A veteran polygraph examiner, Bill remarks that one reason he transitioned to CVSA is that “in polygraph, they teach you to create the stress in the individual by what you do and what you say.” CVSA Examiners use the opposite approach, doing everything they can to relax the subject. As a result, “You can feel very comfortable saying that stress must be coming from deception because I have done everything I could to reduce that situational stress.”
The Importance of Questions
When conducting a CVSA Examination, the subject is made aware of all the questions, and the examiner will actually go over the questions and answers so the subject will be acclimated to the process. Bill explains, “It is practice for the examiner and practice for the subject, so it gets them comfortable with the questions, and it helps them reduce that situational stress.”
During the examination, the CVSA Examiners use control questions, which ask individuals to lie about something unrelated to the investigation. Bill says these questions are there for the truthful individuals. “It’s not a significant lie, but it is a known lie…if that truthful individual has any of that situational stress left, that is where they can get rid of it.” Every case is different, and a well-trained examiner understands how to customize the questions for the individual and the circumstances.
“Question formulation is by far the most important aspect of the examination itself because basically if you aren’t asking the right questions, you aren’t going to get the results.” As such, Bill says they spend a lot of time in class on question formulation and using the right format for different types of investigations.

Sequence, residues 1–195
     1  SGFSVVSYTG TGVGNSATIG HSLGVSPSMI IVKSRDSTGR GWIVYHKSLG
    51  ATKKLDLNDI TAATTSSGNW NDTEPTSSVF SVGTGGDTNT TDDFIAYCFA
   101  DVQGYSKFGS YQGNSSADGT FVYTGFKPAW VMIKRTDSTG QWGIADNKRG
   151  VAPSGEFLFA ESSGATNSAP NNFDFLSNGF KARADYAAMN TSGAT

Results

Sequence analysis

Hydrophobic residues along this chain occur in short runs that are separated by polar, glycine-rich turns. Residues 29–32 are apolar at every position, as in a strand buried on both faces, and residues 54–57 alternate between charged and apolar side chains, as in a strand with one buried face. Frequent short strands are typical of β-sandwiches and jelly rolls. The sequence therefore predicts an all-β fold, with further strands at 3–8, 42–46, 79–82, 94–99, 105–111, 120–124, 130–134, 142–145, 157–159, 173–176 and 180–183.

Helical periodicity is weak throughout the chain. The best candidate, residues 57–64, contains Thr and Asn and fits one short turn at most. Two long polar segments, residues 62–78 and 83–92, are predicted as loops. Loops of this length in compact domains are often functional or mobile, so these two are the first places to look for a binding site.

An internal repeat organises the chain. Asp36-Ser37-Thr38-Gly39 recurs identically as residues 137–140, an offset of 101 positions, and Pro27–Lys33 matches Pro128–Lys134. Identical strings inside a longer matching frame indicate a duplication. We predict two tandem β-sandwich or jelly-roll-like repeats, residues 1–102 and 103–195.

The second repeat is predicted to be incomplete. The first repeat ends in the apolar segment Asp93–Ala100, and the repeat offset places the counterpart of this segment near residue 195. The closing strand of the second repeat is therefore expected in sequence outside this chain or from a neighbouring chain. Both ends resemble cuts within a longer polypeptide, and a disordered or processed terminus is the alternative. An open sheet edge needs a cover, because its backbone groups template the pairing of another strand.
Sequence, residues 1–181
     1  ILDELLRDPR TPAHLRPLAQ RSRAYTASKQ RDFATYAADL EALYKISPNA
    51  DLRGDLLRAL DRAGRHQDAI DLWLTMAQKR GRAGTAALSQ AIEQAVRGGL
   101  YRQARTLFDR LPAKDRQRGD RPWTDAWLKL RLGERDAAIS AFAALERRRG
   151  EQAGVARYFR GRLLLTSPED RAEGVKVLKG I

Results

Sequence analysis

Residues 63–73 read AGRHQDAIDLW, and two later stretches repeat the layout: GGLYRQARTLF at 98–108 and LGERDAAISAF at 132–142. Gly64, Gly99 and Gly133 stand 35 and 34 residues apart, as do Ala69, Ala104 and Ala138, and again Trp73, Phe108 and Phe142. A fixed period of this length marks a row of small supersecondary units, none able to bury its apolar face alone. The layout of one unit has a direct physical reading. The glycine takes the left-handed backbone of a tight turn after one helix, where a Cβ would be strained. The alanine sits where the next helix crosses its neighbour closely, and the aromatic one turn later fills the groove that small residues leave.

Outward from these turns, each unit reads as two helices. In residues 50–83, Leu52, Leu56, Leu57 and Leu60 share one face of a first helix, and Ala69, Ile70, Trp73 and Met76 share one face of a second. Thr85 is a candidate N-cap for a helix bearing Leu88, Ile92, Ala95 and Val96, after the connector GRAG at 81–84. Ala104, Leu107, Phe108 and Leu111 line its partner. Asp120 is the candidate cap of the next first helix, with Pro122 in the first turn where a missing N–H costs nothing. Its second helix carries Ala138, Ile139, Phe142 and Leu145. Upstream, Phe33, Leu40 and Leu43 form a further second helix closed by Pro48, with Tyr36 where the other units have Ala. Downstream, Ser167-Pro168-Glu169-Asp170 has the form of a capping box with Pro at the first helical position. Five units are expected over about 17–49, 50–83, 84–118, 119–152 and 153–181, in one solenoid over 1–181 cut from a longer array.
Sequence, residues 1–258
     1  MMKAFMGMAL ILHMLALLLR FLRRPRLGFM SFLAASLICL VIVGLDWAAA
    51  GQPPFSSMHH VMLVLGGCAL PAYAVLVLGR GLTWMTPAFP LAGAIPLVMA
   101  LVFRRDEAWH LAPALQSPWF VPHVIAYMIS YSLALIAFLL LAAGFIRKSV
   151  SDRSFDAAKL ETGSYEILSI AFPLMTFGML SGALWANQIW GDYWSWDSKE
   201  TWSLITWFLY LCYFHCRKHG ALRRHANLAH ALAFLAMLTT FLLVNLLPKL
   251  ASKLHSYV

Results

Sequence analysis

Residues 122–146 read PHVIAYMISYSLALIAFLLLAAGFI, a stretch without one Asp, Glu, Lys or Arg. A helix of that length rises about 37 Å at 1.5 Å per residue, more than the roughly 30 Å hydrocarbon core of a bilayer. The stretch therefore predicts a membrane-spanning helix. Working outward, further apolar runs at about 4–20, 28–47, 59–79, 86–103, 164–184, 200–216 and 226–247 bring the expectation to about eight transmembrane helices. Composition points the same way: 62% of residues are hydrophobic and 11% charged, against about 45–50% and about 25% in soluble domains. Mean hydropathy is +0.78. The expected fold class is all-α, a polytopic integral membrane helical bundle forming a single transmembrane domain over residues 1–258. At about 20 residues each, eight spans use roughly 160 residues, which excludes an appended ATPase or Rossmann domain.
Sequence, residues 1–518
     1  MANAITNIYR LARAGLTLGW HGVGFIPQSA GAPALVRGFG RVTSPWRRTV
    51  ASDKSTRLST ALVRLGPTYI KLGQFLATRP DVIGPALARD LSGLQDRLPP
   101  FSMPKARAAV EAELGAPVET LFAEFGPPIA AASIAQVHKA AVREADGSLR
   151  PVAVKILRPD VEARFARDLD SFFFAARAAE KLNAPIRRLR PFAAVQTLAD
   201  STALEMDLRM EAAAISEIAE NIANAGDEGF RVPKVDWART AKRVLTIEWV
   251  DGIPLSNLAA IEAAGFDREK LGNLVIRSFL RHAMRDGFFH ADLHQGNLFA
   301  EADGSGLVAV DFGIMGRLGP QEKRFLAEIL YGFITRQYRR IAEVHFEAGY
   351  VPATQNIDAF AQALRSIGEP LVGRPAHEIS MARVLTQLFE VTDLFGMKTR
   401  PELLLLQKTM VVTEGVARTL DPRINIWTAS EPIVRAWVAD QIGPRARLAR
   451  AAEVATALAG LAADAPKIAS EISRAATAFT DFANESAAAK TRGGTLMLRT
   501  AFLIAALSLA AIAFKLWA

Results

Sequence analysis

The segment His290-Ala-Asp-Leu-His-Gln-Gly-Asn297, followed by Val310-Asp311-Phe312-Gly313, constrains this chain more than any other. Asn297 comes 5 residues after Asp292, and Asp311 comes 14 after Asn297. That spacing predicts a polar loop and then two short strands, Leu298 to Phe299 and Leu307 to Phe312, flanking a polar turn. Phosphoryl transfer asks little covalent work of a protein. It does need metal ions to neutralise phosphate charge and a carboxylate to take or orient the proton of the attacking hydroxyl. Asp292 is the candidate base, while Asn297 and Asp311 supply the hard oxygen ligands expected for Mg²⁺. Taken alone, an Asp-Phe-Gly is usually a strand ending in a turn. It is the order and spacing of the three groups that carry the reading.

The Future of Truth Verification
The main reason Bill switched to the CVSA is because of the vulnerability of the polygraph to countermeasures. This device monitors breathing, heart rate, and galvanic skin response (GSR), and as such, there are a lot of methods individuals can use to manipulate the results which won’t be visible to the examiner. He says, “They are difficult to see because any muscle movement will affect the polygraph chart.” Such countermeasures include controlling their breathing, squeezing their sphincter, and moving their toes. If they do these things at the right time, this can lead to inconclusive or erroneous results.
With the CVSA, there are no countermeasures to manipulate the chart. “Basically, all they can do is raise and lower their voice, refuse to answer the control question properly, or just refuse to answer, period.” In other words, there is nothing a subject can do that won’t be apparent to the examiner.
Bill finds the CVSA to be “a thousand times easier than the polygraph,” with charts that are displayed in a clear manner and a process that is much more conducive to building rapport in the interview room. He feels more confident utilizing this technology, and graduates from Bill and other instructors’ classes have spread the message of the CVSA’s reliability to over 2,000 police agencies across the country. This is the new era of innovation in truth verification, and Bill and other CVSA Examiners are at the forefront of this movement.
Please reach out to us at NITV Federal Services to learn more about our CVSA systems and training programs.